|Introduction to Curriculum and Te Whariki (EDUC5915)||15 credits (0.125 EFTS)||To enable students to examine curriculum, observation, planning and assessment in Early Childhood Education including the relationship between play and learning for your children.|
|Enquiry and Communication (HSDV5142)||15 credits (0.125 EFTS)||This course introduces the principles of communication, knowledge construction, and academic literacy and develops scholarly skills in preparation for academic and professional practice|
|Te Kete Manaaki Whenua (EDUC6905)||15 credits (0.125 EFTS)||To further develop Te Reo Maori language skills, advance knowledge of Tikanga Maori, and develop students understandings of Manaaki Whenua and its application in teaching practice.|
|Historical and Current Contexts of Early Childhood Education in Aotearoa/ New Zealand (EDUC6921)||15 credits (0.125 EFTS)||To critically examine the history and current social and political status of early childhood education in Aotearoa/New Zealand and its impact upon centres especially in the Pasifika community.|
|The Ethical Teacher (EDUC6922)||15 credits (0.125 EFTS)||To assist students to extend their knowledge and skills in professional communication and respond to ethical dilemmas in the workplace.|
|Infants and Toddlers: Relating and Playing (EDUC6923)||15 credits (0.125 EFTS)||To assist students to analyse and critically evaluate theoretical perspectives on learning and development of the young child.|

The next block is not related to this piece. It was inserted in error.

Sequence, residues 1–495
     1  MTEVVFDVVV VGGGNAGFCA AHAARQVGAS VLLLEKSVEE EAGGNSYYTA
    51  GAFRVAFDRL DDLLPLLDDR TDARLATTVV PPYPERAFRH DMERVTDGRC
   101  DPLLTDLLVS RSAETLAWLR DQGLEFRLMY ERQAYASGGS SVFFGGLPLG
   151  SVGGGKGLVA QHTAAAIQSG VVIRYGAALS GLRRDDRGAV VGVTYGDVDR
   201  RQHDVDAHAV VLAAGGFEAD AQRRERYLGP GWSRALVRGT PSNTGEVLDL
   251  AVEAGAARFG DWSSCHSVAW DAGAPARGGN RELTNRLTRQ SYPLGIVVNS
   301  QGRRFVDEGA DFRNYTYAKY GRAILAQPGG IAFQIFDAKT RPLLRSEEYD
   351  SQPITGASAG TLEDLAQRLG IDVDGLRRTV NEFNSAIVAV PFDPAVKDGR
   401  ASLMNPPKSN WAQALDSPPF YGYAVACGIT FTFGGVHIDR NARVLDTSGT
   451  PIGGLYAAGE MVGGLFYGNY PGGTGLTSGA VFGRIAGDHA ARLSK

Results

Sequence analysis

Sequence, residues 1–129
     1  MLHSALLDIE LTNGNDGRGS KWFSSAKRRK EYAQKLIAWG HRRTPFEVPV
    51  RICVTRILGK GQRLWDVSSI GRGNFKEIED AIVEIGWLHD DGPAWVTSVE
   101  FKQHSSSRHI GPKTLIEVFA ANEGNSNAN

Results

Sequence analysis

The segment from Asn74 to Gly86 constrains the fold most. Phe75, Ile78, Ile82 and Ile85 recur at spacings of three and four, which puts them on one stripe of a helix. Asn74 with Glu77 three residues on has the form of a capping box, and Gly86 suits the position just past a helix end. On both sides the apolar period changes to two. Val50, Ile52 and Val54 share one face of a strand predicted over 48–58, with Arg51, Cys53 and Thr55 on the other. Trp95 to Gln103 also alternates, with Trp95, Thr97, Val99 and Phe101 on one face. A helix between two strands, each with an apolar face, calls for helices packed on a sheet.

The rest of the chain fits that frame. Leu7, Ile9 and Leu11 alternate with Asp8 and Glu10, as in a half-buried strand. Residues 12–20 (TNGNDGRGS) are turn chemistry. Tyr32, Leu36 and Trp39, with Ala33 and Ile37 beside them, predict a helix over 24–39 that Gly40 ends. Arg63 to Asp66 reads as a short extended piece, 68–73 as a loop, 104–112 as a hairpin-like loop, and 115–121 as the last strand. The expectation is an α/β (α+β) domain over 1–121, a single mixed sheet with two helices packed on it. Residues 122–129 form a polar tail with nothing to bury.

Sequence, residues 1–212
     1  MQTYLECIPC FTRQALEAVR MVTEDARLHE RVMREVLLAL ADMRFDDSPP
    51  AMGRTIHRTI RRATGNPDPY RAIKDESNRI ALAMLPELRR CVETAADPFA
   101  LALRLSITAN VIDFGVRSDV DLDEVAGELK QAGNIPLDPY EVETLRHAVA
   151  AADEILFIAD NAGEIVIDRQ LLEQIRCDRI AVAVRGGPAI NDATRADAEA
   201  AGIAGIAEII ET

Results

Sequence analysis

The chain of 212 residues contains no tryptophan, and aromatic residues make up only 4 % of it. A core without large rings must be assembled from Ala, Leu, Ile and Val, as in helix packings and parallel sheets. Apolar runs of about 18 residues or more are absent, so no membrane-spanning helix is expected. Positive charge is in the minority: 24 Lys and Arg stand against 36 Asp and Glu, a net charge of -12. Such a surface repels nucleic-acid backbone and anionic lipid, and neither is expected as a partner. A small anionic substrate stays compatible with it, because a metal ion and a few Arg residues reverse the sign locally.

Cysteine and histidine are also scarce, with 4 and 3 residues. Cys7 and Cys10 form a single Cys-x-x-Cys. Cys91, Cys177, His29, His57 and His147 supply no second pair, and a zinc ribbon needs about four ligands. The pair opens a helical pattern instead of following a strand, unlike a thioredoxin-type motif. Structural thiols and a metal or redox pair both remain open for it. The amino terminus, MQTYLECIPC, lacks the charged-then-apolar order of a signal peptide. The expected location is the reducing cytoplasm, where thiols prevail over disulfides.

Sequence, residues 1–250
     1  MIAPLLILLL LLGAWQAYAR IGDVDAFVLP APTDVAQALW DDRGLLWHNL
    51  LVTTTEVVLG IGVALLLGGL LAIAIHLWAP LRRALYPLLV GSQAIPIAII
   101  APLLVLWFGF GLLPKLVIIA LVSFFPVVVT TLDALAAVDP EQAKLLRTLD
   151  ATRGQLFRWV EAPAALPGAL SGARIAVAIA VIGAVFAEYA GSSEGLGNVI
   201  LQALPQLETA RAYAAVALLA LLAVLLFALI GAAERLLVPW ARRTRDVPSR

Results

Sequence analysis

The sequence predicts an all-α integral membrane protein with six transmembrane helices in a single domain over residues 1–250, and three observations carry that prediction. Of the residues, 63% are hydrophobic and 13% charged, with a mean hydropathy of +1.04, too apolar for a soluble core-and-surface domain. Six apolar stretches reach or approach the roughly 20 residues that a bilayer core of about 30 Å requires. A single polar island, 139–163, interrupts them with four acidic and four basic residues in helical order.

|Curriculum Content Knowledge (EDUC6924)||15 credits (0.125 EFTS)||To enable students to critically examine theories and practices relating to curriculum content knowledge.|
|Research and Research Design in Early Childhood Education (EDUC6927)||15 credits (0.125 EFTS)||To critically assesses the quality of research underpinned by a variety of research methodologies, with a particular focus upon action research.|
|Te Kete Manaki Taonga (EDUC7905)||15 credits (0.125 EFTS)||To enable students to synthesise Te Reo Maori me ona tikanga in their teaching praxis, and articulate their understandings of manaaki taonga and its application in teaching practice.|
|Policy and Discourse in Context: The Early Childhood Education (EDUC7931)||15 credits (0.125 EFTS)||To critically examine social and educational policy, and contemporary discourses and issues relevant to early childhood education.|
|Personal Pedagogy and Leadership (EDUC7932)||15 credits (0.125 EFTS)||The course facilitates the development and justification of a personal pedagogical philosophy for early childhood education in relation to children, whanau and communities. Students will critically analyse ethical, professional and leadership issues guiding their practice.|
|Advanced Curriculum and Pedagogical Documentation (EDUC7935)||15 credits (0.125 EFTS)||To enable students to critically analyse and consolidate understanding of a range of curriculum issues and discourses.|